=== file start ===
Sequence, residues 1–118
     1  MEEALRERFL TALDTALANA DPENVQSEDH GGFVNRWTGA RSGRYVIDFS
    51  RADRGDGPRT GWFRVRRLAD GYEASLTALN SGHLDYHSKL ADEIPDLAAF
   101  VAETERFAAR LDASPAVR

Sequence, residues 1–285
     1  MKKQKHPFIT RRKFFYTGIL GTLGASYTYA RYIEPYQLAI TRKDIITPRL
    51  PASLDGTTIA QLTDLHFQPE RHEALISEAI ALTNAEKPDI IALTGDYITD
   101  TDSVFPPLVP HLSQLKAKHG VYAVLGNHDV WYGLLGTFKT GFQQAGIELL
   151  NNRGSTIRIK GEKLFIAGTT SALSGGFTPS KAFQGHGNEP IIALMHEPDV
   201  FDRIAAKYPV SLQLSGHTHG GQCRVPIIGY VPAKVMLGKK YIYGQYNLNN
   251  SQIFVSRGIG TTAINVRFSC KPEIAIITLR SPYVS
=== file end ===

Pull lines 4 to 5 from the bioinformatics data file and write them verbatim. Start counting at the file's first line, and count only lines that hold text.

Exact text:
   101  VAETERFAAR LDASPAVR

Sequence, residues 1–285